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Tuesday, March 19, 2013

Seagate Hits Milestone with 2 Billionth Hard Drive

Seagate has announced that it has built its two-billionth hard drive. Seagate was founded in 1979; it took 29 years for them to ship their first billion hard drives. Since then, many applications have greatly increased the demand for storage. Particularly thanks to social media, cloud storage, and business computing, it only took Seagate four years to build another billion hard drives. As such, in 2013, Seagate is celebrating the shipment with its two-billionth hard drive...

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Tuesday, March 12, 2013

Can Samsung innovate?

 As with the semiconductors used in memory and screens, which gradually increase in complexity with each generation, the current wave of smartphones and tablets can be seen as a steady progression. Each new model gets thinner, with better screens and faster processors, plus hardware add-ons such as NFC (near field communication) chips, but the overall concept doesn’t change.

“Samsung is like the Japanese companies when they were at the their peak, pumping out tech products for cheaper and cheaper,” said Hiroyuki Shimizu, an analyst at Gartner.

Shimizu said one way out of this spiral is software, but Samsung has had little success in developing its own. The company has largely abandoned its Bada OS, first announced in 2010, and is almost entirely dependent on Android for core content like maps, apps and video.

“Samsung emphasizes speed and execution. But this is contradictory to creativity. If you want speed and execution, you don’t expect to create something new,” said Chang. “Software is more individual and requires out-of-box thinking.”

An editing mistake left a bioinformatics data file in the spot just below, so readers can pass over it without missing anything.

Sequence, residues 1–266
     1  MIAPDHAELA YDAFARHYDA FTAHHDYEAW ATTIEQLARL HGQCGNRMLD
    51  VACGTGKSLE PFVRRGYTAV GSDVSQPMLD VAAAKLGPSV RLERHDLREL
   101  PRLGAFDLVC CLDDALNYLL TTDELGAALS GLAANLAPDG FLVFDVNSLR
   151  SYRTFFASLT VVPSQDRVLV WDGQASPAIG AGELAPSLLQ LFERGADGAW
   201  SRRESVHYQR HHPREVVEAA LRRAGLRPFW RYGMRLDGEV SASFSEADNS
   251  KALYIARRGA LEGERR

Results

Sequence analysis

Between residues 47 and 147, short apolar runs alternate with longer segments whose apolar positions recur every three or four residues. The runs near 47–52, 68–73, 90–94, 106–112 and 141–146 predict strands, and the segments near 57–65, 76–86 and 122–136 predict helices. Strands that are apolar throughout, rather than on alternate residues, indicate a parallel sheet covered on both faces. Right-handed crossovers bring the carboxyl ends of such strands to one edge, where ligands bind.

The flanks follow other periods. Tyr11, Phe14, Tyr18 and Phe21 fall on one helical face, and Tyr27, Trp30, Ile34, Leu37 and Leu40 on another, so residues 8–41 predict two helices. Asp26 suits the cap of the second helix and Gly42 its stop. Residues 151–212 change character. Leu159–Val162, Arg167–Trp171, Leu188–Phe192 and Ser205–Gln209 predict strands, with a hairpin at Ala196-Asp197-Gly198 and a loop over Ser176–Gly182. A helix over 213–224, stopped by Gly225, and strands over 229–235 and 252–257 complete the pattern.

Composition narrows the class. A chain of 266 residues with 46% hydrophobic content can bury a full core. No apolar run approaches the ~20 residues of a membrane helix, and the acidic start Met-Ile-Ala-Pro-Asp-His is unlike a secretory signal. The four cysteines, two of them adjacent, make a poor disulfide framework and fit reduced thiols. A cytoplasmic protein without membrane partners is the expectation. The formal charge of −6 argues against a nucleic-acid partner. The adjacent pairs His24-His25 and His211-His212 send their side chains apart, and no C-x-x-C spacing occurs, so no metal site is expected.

Still, Samsung has opened up new segments of the smartphone market...

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Friday, March 8, 2013

Why Microsoft's Surface RT Will Flop

Microsoft's Surface RT recently took a hit when Samsung halted its sales in Germany, but that's not the reason this tablet will soon bite the dust.

The Surface RT is going to fail in the market mainly because of its steep price. Microsoft is not willing to lowball the product in a competitive market even though it can easily afford to subsidize the machine and sell it for $200, rather than the $780 it goes for in Germany. This is simply too much money.

And, of course, Microsoft has no clue about marketing this device because it looks and feels like a Windows 8 machine though it is not.

I think this sort of look-alike marketing would have flown in 1997, when the computer-using public was smarter. But ever since the dot-com crash and the subsequent failure of many computer magazines, the public has been becoming dumber in matters of computing and how things actually work. The younger generations do not care about chips anymore and they look at all the devices as superficial appliances. Thus, when they see the Surface RT "Windows" machine, they do not understand why regular Microsoft Word does not work on it...

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Wednesday, February 27, 2013

Microsoft ships IE10 for Windows 7

Computerworld - Microsoft today released a final version of Internet Explorer 10 (IE10) for Windows 7, nearly two years after it introduced the browser at a company conference.

Customers who had earlier installed the IE10 preview will be the first to receive the upgrade through Windows Update. Others running IE9 on Windows 7 will be automatically upgraded "in the weeks ahead," according to the company, which did not get more specific than that about a timetable.